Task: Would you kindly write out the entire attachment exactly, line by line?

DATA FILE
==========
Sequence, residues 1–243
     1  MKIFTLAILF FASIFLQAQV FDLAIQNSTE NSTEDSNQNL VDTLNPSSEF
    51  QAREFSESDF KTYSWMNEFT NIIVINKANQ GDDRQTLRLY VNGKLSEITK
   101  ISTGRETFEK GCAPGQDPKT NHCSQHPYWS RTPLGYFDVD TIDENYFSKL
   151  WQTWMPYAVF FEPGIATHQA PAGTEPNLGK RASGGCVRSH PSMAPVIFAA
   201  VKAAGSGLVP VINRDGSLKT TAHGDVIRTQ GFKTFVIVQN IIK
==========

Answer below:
Sequence, residues 1–243
     1  MKIFTLAILF FASIFLQAQV FDLAIQNSTE NSTEDSNQNL VDTLNPSSEF
    51  QAREFSESDF KTYSWMNEFT NIIVINKANQ GDDRQTLRLY VNGKLSEITK
   101  ISTGRETFEK GCAPGQDPKT NHCSQHPYWS RTPLGYFDVD TIDENYFSKL
   151  WQTWMPYAVF FEPGIATHQA PAGTEPNLGK RASGGCVRSH PSMAPVIFAA
   201  VKAAGSGLVP VINRDGSLKT TAHGDVIRTQ GFKTFVIVQN IIK